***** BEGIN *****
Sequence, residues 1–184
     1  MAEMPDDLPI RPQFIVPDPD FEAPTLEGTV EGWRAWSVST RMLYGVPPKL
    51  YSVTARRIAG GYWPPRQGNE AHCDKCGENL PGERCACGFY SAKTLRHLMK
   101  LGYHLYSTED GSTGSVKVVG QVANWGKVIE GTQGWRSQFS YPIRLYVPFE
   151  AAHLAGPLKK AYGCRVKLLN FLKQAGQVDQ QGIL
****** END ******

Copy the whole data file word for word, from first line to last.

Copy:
Sequence, residues 1–184
     1  MAEMPDDLPI RPQFIVPDPD FEAPTLEGTV EGWRAWSVST RMLYGVPPKL
    51  YSVTARRIAG GYWPPRQGNE AHCDKCGENL PGERCACGFY SAKTLRHLMK
   101  LGYHLYSTED GSTGSVKVVG QVANWGKVIE GTQGWRSQFS YPIRLYVPFE
   151  AAHLAGPLKK AYGCRVKLLN FLKQAGQVDQ QGIL